Diretor: Robert Schwentke (2016)
The third episode in this plodding sci-fi franchise grimly marches on to my general indifference.
Once again it looks fabulous, is filled with action and fizzes with great ideas. Thankfully there’s less abseiling, climbing and running than in previous instalments.
But it’s riddled with clumsy editing, needlessly fidgety camerawork, thin characters and leaden attempts at humour.
Touching on many modern concerns, the script has identity theft, genetic engineering, child exploitation, ethnic cleansing, ecological ruin, and personalised drone warfare.
All this good work collapses on itself due to a lack on underpinning logic, alarming plot holes and pedestrian performances.
Following on from the last film, called Insurgent (2015) for those of you still with us, the overthrow of Chicago’s brutal regime has resulted in mob rule, show trials and executions.
So freedom fighter Tris and her friends escape into the radioactive wasteland beyond the city wall.
Shailene Woodley has been brightest spark of the franchise but she seems unenthused by the never ending slog of supporting the seemingly never ending series.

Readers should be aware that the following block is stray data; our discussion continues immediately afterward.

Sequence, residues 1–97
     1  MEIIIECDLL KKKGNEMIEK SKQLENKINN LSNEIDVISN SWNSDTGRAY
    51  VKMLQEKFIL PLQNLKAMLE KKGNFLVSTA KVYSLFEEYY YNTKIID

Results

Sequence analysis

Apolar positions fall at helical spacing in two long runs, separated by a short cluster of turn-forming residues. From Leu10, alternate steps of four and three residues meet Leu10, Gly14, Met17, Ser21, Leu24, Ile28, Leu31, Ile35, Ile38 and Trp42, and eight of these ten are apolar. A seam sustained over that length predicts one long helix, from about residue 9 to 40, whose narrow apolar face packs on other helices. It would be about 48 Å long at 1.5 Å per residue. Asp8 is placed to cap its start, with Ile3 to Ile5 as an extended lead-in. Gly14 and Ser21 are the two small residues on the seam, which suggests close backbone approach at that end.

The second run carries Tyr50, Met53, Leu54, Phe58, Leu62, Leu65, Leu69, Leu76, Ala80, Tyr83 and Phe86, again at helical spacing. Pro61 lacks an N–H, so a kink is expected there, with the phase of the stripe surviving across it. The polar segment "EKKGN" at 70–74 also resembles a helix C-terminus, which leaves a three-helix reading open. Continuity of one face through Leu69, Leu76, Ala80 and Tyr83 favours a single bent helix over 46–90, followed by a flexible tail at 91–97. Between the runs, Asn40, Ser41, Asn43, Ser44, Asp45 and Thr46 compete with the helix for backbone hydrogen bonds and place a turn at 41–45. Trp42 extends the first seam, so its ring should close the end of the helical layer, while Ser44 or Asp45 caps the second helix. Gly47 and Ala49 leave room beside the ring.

They discover an advanced military city of gleaming spires, where they slowly learn the truth of Chicago’s horrific history.
Theo James plays Four, her curiously named romantic interest. Armed with a muscular pout and great hair but no huge ability, he fails to limp convincingly.
Even the naturally combative and arrogant Miles Teller struggles to energise events as selfish sidekick Peter.
At least newcomer to the franchise, the veteran Jeff Daniels is reliably engaging.
He plays David, the softly spoken director of the sinister sounding Bureau of Genetic Welfare.
Violent blasts of music attempt to drown out the dull chorus of gunfire, explosions and painfully functional dialogue.
‘That doesn’t make any sense’ says Tris. It’s the only insightful line in the movie.